Reviewed by Teri Cosentino
6th-7th grade science teacher
This is the one book which will change the way you think about implementing STEM into your classroom. It takes a logical, one step at a time approach instead of "throwing the baby out with the bathwater". It allows the teacher of grades 3 through 8 to see what a STEM classroom looks like through powerful examples, but does not preach. Instead, this collection of "letters" becomes the framework for STEM instruction, and much more importantly, how you feel about exploring STEM instruction in your classroom.
I found the book to be full of ideas, good examples, and just a fun book to read. It is one of the few instructional books that I could not put down. It lends itself perfectly to group discussion, a professional development workshop, or just a friendly conversation about STEM in the classroom. It equally divided STEM ideas between a self–contained classroom and a middle school disciplinary one. At the beginning of each chapter, there is a thought provoking direction, asking the reader to make a list, answer a question, or reflect upon a statement. In and of itself, these questions are things that teachers should be asking themselves all the time. For example, one of my favorites is “Are students able to see the connections among the various concepts and skills they are learning?” For this particular question the chapter lesson is all about the guiding principles of STEM—focusing on integration, establishing relevance, emphasizing 21st century skills, challenging your students, and mixing it up.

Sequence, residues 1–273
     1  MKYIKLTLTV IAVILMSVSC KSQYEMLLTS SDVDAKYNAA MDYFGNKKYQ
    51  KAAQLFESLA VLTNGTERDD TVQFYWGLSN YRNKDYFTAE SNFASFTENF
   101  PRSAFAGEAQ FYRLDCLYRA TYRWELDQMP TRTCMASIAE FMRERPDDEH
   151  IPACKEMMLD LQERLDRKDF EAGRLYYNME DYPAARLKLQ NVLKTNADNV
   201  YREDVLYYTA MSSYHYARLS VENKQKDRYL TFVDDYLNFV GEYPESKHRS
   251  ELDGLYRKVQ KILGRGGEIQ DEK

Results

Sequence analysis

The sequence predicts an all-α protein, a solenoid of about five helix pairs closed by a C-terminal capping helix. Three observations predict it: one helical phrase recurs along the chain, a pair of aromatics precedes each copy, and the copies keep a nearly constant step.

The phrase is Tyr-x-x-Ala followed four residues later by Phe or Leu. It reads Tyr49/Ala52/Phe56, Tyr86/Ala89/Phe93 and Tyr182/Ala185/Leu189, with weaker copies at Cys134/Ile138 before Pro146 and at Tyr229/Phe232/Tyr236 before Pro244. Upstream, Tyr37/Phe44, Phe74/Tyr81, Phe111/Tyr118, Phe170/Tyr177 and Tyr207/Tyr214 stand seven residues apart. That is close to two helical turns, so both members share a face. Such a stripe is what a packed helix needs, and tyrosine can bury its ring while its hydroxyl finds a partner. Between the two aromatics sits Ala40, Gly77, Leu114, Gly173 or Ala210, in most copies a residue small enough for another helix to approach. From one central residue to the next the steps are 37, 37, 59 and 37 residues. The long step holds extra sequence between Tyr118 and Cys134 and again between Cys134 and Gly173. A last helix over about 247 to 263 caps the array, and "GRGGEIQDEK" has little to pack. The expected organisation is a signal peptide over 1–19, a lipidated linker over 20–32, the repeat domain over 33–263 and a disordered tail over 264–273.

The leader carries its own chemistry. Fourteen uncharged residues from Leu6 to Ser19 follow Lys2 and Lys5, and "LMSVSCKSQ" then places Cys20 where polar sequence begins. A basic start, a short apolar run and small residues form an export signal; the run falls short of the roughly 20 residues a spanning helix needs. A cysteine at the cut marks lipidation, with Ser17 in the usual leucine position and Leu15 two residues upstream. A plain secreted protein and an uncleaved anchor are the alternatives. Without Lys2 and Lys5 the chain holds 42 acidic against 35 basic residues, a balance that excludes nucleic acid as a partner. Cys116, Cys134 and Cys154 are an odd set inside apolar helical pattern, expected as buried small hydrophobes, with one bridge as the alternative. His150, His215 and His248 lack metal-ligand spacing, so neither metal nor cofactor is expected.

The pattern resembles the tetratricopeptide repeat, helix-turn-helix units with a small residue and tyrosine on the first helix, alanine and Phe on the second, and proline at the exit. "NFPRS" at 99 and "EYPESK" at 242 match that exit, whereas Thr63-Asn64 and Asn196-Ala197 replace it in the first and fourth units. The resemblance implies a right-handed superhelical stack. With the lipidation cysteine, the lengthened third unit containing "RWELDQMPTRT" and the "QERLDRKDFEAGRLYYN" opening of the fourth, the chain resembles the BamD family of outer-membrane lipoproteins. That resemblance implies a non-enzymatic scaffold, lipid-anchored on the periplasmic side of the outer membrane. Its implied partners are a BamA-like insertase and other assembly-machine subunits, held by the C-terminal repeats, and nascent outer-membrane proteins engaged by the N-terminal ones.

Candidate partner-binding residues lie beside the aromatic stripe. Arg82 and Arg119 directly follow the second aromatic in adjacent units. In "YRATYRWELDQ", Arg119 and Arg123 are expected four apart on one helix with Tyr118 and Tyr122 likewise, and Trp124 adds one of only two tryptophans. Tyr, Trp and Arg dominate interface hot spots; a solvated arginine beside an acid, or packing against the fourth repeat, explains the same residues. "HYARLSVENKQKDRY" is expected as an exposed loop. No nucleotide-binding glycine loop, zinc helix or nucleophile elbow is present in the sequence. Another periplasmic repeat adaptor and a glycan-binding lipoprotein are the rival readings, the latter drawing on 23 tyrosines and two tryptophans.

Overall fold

Each chapter begins with a problem and ends with a solution. This is not only a how–to guide to STEM implementation, it is also an instructional guide to best practices. Several other noteworthy thoughts; the book encourages, clarifies what the science, math, engineering and technology parts of the whole STEM classroom look like, and provides many examples of how shifting the paradigm just slightly so that you can incorporate STEM into your classroom. There are lessons on project–based learning, assessment, STEM in middle school, and developing a lesson plan for implementation, one STEM area at a time. So ask yourself the tough questions, think about instruction as an interdisciplinary approach, take one small step, and use this book as the structure to hang your not so new, but changed STEM lesson on.
Review posted on 3/14/2013